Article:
Pope Francis highlights that governments in general assign a small portion of the national budget for providing housing for all social classes, a fact that goes against the dignity of all citizens that he defends throughout his Encyclical: “Having a home has much to do with a sense of personal dignity and the growth of families” (Francis 2015: n. 152). The situation is worse for those of the lower social classes:
In some places, where makeshift shanty towns have sprung up, this will mean developing those neighborhoods rather than razing or displacing them. When the poor live in unsanitary slums or in dangerous tenements, “in cases where it is necessary to relocate them, in order not to heap suffering upon suffering, adequate information needs to be given beforehand, with choices of decent housing offered, and the people directly involved must be part of the process” (Francis 2015: n. 152).
The deterioration of the natural environment and of society especially has negative consequences on the poor of the world: “The impact of present imbalances is also seen in the premature death of many of the poor, in conflicts sparked by the shortage of resources, and in any number of other problems which are insufficiently represented on global agendas” (Francis 2015: n. 48). This situation is aggravated by the “privatization” of certain spaces of beauty as well as communities “closed to outsiders in order to ensure an artificial tranquility”, especially from “the disposable of society” (Francis 2015: n. 45).
Moreover, as Pope Francis laments “It needs to be said that, generally speaking, there is little in the way of clear awareness of problems which especially affect the excluded” (Francis 2015: n. 49). Furthermore, a true green approach must always take into consideration a social approach “it must integrate questions of justice in debates on the environment, so as to hear both the cry of the earth and the cry of the poor” (Francis 2015: n. 49). Planners must also consider that “the poorest areas and countries are less capable of adopting new models for reducing environmental impact because they lack the wherewithal to develop the necessary processes and to cover their costs” (Francis 2015: n. 52).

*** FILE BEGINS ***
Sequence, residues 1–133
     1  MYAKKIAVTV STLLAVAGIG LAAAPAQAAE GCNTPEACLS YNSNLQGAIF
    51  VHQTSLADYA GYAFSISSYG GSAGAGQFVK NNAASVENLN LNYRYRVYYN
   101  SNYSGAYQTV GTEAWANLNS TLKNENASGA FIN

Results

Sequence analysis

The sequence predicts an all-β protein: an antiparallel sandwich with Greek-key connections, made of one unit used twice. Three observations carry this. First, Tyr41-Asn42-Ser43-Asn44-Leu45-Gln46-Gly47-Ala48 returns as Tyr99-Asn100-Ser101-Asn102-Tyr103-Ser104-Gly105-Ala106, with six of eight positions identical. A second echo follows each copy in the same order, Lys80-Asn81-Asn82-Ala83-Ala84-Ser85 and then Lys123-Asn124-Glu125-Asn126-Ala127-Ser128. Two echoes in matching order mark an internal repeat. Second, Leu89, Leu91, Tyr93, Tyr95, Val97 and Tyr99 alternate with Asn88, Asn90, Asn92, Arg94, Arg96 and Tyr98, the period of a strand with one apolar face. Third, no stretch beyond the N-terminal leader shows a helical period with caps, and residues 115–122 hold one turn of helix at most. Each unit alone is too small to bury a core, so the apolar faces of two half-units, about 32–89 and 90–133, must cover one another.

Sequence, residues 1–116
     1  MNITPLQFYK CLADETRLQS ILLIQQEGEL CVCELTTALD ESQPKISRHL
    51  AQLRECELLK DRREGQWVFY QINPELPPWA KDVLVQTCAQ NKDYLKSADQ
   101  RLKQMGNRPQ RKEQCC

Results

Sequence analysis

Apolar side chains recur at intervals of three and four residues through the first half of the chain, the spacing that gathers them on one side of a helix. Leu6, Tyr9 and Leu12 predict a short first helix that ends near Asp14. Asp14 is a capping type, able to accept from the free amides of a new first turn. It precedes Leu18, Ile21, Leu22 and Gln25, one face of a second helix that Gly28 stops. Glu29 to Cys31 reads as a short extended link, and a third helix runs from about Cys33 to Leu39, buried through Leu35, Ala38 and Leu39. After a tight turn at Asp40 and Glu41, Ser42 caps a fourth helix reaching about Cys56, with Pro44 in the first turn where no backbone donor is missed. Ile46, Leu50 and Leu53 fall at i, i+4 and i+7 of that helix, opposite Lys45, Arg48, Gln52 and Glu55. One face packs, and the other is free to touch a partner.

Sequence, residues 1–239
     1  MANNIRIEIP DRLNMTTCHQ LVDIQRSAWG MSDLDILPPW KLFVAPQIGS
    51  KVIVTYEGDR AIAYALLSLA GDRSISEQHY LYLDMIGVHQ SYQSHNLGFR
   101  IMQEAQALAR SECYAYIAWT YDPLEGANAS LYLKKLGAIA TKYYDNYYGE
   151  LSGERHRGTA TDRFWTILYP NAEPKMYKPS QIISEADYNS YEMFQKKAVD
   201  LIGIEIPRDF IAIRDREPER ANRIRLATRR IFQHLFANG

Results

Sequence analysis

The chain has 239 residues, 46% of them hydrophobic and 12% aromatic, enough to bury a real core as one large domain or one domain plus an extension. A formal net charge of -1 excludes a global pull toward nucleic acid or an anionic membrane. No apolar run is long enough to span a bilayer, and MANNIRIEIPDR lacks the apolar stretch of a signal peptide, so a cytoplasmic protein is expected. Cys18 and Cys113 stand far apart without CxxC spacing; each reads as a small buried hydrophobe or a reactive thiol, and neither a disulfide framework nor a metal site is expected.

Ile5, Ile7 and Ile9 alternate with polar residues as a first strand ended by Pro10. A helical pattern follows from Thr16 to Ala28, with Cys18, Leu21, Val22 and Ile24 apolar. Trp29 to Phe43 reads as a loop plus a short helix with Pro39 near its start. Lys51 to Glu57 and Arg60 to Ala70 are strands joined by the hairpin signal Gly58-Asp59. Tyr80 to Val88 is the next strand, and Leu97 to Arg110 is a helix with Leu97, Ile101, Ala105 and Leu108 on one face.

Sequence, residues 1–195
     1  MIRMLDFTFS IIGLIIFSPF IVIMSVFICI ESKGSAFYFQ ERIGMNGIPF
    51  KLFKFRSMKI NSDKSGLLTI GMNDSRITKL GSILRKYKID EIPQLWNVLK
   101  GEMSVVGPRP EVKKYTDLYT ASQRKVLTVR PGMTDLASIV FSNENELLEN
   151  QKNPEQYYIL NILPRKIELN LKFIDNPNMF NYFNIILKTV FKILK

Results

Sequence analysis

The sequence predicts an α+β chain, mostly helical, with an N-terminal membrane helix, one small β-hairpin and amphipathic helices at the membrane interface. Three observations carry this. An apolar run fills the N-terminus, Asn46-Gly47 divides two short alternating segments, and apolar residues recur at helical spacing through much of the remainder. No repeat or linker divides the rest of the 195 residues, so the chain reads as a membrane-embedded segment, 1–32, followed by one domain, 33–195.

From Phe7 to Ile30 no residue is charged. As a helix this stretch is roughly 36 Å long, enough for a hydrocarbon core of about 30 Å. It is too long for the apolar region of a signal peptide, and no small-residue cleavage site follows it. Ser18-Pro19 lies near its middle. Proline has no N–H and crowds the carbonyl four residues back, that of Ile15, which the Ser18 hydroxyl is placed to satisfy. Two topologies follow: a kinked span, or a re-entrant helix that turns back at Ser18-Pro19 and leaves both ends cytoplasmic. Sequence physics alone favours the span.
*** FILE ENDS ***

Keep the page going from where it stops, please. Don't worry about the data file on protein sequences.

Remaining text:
Laudato Si’ likewise warns on finding an easy solution in population control for the problems of the environment, housing and the poor:
To blame population growth instead of extreme and selective consumerism on the part of some, is one way of refusing to face the issues. It is an attempt to legitimize the present model of distribution, where a minority believes that it has the right to consume in a way which can never be universalized, since the planet could not even contain the waste products of such consumption (Francis 2015: n. 50).
To conclude this final section, every ecological housing solution must “incorporate a social perspective which takes into account the fundamental rights of the poor and the underprivileged” (Francis 2015: n. 93). As Pope Francis exhorts,